The State Legislature this week passed a bill that will allow LIPA to increase its debt load to $8 billion in a move the utility says could save customers over $600 million and which lawmakers say provides a new layer of financial oversight on LIPA borrowing.
The bill, which goes to Gov. Andrew M. Cuomo, who is expected to sign it, relates to debt under a state entity called the Utility Debt Securitization Authority formed under the LIPA Reform Act of 2013. That authority provided a way for LIPA to refinance upward of $4.5 billion in old debt at considerably lower interest rates for savings of more than $400 million, LIPA said at the time.
The 2013 reform act put a ceiling of $4.5 billion in borrowings. The new bill increases the ceiling to $8 billion under the authority, and requires that if LIPA wants to exceed that amount it come back to the legislature for approval, lawmakers said. The new bill also includes a level of oversight from the state Department of Public Service to make sure any new debt saves ratepayers money, said Assemb. Fred Thiele (I-Sag Harbor), who sponsored the bill along with state Sen. Todd Kaminsky (D-Long Beach).
A spokesman for Cuomo didn't immediately reply to a request for comment. Cuomo had sought a different bill as part of his state budget, but Thiele said lawmakers rejected it because it would have given LIPA the "open-ended" ability to continually refinance debt with "no oversight."
LIPA in a statement said the bill "will allow for additional investments in storm hardening and resiliency while saving customers over $600 million in financing costs."
Asked if the legislation could lead to lower rates for customers, LIPA said, "All reductions in interest payments result in lower revenue requirements for the utility, and thus lower electric rates for customers." The utility noted, however that interest payments represent only around 10% of customer bills.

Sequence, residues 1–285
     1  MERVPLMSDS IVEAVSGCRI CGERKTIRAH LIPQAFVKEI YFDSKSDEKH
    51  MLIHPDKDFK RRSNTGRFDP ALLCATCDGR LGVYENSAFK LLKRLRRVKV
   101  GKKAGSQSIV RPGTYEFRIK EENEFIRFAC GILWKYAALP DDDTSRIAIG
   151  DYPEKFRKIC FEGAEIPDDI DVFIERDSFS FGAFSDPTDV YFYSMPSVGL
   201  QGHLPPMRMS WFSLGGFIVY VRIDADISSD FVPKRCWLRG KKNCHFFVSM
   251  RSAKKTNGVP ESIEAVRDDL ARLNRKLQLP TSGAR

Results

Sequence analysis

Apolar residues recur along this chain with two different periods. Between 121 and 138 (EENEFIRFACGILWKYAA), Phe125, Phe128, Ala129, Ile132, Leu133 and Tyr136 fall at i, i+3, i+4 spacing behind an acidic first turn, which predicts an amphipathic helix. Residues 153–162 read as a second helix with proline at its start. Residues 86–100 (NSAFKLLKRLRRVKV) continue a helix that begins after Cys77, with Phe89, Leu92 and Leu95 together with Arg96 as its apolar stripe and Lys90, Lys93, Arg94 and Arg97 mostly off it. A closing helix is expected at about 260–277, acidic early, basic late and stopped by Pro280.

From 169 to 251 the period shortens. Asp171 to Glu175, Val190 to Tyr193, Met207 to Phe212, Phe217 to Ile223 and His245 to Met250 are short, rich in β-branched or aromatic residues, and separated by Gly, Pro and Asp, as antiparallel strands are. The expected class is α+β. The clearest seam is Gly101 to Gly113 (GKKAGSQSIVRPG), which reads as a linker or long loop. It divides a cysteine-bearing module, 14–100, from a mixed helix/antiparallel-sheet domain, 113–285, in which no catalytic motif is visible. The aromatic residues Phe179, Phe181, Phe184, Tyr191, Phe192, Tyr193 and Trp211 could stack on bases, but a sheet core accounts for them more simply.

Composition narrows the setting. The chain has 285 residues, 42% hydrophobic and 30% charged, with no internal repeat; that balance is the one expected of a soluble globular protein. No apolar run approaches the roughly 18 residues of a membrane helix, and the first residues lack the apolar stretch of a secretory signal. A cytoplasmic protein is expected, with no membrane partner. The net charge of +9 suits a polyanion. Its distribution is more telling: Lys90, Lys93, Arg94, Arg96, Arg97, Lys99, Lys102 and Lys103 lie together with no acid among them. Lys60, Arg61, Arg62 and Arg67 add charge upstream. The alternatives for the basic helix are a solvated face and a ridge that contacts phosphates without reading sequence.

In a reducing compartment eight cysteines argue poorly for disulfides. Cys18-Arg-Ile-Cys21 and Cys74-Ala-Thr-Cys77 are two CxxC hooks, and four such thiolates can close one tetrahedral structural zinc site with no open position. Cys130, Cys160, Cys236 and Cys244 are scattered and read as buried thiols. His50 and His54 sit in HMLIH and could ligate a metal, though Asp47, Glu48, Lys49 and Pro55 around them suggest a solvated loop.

Thiele said the measure gives LIPA the ability to use the new debt cap for resiliency improvements "at current low interest rates, which makes sense," but he noted LIPA's borrowing will be under a "hard aggregate cap" and not a "moving target which [Cuomo's] revolving cap would have created."
The legislation gives LIPA the flexibility to issue new bonds and to refinance existing bonds under the UDSA, with a limit of around $3.5 billion in new debt.
Borrowing costs under the UDSA are lower because that authority has stronger bond covenants, giving bondholders the assurance they will be paid under almost any circumstance, including the unlikely event that LIPA files for bankruptcy protection.
Kaminsky said he supported the bill because of the new levels of oversight.
"We want them to know we’re watching them closely and are very concerned with what appears to be a lack of oversight there," said Kaminsky, who voted in favor of the measure. "We want LIPA to know if they want to go above the cap we want them to answer questions on the numbers."
LIPA at the end of 2020 had $8.75 billion in long-term debt ($4.695 billion of LIPA debt and $4.061 billion under the UDSA) up from $8.45 billion the year before, according to its 2020 year-end financial report.